How to Support Someone with Post Partum Depression


Having a baby is a very stressful event, not just for the mother, but for the entire family. The added stress of a new routine, increased responsibility and the burdens of childcare can quickly become overwhelming. Many women also feel shame or guilt when the new baby doesn’t satisfy them emotionally. They may even become resentful. Along with this, mothers who are overly anxious about their new status and the child can be especially burdened.

While the specific causes of post partum depression aren’t completely understood, the good news is that aiding some who suffers from the condition is straightforward.

Avoid the blame game

Post partum depression is a recognized medical syndrome. It isn’t the mother’s fault, it isn’t the spouses fault, and it certainly isn’t the baby’s fault. Mothers need to know they aren’t a bad mother simply because they don’t feel all the joy they thought would come with a newborn. Self-blame is a trap that can easily make the depression worse when the feeling of failure adds to the normal fatigue and physical changes that come with childbirth.

Mothers may blame themselves, the baby or some deficiency in their spouse for not being able to keep up. However, adding a baby to the mix is disruptive – there needs to be a willingness to let some things slide. The home might not be up to par, clothes might not get washed and folded, even a career might be put on hold until the new situation becomes normal. Spouses need to avoid blaming the mother if she doesn’t seem up to here normal energy level or isn’t interested in sex.

Either or both parent may blame the new baby for disrupting their normal lives. It’s true; an infant does require time and resources. Parents can acknowledge this without blaming the infant or feeling guilty about it. The remedy is to compromise and look for opportunities to support each other.


Some mothers have a hard time accepting help. They may judge their abilities by the false standard of the household they grew up in and worry that they can’t meet their own expectations. This is trouble. Offering support in the form of taking on chores like shopping, laundry or watching the child sometimes needs to be repeated. In most situations, an offer isn’t needed – anyone in the household can chip in and do what needs to be done.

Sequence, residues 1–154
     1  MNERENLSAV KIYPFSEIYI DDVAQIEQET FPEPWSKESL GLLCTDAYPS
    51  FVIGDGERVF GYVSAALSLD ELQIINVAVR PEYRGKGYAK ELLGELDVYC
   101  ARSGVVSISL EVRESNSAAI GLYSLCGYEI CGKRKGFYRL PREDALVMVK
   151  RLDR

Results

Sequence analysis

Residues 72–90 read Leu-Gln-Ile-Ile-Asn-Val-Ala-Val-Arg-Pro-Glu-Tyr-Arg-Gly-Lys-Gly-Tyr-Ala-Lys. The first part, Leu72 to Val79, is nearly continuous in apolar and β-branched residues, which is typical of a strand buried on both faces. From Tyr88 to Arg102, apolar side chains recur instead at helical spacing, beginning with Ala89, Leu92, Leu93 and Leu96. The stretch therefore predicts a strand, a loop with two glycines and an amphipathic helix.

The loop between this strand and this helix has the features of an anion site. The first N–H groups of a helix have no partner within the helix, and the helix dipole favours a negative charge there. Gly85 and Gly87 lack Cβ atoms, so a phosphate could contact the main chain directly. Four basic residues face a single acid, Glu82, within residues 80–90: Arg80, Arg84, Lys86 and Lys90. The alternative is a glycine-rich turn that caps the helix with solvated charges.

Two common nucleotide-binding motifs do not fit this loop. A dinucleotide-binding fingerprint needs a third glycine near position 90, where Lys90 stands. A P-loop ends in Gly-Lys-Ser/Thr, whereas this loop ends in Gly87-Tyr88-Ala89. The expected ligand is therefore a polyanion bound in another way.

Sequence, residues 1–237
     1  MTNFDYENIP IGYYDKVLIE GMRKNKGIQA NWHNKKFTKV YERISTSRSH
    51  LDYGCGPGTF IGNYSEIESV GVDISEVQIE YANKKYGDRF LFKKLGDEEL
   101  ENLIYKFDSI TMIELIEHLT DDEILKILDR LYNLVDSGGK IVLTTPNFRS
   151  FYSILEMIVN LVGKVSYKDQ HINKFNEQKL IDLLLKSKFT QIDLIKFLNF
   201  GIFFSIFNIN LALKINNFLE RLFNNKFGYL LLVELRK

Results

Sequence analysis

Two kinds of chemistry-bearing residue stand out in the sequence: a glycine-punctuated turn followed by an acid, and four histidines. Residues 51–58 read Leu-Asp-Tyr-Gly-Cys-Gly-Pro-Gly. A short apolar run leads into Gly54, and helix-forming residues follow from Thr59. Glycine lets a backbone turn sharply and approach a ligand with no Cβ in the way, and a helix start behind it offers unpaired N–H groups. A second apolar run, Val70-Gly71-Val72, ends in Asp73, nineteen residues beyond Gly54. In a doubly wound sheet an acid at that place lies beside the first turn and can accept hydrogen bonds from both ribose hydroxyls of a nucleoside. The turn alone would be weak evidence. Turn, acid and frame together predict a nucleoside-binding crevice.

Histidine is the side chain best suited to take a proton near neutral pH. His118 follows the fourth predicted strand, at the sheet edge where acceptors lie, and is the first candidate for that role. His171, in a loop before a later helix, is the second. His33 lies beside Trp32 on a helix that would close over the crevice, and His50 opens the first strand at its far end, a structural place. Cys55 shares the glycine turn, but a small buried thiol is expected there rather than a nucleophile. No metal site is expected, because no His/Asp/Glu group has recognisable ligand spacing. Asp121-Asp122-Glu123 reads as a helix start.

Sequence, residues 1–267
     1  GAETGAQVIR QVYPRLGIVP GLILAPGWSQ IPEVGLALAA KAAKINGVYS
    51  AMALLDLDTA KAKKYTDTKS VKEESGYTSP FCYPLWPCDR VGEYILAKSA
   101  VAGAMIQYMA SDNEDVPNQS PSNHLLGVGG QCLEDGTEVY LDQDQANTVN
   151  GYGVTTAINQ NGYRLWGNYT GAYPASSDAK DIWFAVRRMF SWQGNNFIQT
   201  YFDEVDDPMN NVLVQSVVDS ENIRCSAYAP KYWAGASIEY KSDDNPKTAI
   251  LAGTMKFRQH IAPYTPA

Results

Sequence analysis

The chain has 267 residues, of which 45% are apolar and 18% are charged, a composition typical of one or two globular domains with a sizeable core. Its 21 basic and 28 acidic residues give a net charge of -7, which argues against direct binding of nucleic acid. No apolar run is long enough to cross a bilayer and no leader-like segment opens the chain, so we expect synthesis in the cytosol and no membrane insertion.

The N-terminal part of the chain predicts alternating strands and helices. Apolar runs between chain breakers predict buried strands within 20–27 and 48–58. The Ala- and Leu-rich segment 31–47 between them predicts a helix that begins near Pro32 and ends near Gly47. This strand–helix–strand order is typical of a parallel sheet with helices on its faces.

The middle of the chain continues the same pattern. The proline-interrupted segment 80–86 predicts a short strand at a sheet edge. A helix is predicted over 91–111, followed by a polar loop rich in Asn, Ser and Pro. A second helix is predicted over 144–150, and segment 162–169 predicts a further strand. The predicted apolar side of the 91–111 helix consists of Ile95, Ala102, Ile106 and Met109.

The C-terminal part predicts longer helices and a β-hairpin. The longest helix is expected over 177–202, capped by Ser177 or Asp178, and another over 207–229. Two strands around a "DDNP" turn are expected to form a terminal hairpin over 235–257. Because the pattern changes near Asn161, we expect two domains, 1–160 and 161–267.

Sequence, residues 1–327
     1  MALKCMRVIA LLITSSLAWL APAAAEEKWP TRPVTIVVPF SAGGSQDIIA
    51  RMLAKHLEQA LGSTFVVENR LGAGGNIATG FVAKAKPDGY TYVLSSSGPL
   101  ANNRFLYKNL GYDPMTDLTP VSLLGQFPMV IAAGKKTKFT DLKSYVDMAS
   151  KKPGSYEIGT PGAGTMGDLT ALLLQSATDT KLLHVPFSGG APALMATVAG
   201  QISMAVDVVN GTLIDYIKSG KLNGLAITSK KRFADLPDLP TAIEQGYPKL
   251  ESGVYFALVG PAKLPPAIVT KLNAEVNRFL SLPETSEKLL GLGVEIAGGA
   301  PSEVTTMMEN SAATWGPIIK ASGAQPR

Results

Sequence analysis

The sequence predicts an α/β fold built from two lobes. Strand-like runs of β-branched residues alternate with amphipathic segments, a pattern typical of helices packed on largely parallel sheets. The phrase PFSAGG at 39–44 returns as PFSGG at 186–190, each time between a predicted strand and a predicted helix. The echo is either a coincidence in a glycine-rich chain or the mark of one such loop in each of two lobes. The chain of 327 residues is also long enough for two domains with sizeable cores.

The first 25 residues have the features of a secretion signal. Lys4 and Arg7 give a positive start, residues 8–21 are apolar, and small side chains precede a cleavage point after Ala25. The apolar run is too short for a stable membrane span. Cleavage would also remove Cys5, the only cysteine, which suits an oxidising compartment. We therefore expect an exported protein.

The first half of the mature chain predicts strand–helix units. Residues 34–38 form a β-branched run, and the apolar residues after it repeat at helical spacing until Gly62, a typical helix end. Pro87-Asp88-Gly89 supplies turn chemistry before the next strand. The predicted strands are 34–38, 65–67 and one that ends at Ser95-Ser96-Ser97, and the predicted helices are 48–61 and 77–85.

Sometimes, the support needs to be financial and can take the form of diapers, formula or other material goods you know the family needs but wouldn’t ask for. A new jumper or other baby accessory can take the form of an “impulse gift.” Spouses can use this same excuse to deliver some surprise flowers or chocolates.

Support should also come in the form of time. Anything that will allow mom to take a break from her responsibilities will help.

Simple tips for spouses and significant others

• A friendly, non-judgmental ear can work wonders. Sometimes, mom just needs a shoulder to lean on and someone to vent to. This doesn’t have to be a spouse, and often the role of confedant will be filled by an older woman who has already had children of their own. It is important to keep these lines of communication open – if you see mom is getting withdrawn and uncommunicative, try connecting her with a confidant from the other direction. Sometimes a phone call from a trusted friend will work wonders.
• Encourage mom to talk about how she feels and not just in terms of the baby.
• Pitch in without being asked – housework, shopping, babysitting. All these are routine tasks that can build up and overwhelm a new mother.
• Use physical affection without pressuring her into sex. It can take many weeks until the new mom feels secure enough and is healed enough to want to continue sexual relations. This is completely normal. Adding undue pressure on her to pick up where you left off will only compound her stress.
• Watch out for simple opportunities – these can mean a lot. A walk at the mall or getting out for some sun provides much needed exercise and gets her away from the house and the baby. Consider some daily time for just you and her. This adds stability and security to what can seem like a chaotic, out of control day.
• Understand that she needs time to herself as well. It’s hard to imagine a workday that runs from the middle of the night when baby cries to be fed all the way through to the next evening. Mental hygiene breaks are important.
• Show your support with frequent contact while you are away from her. This may mean more than normal calls from work, but these contacts give her a feeling of not shouldering the burdens on her own.


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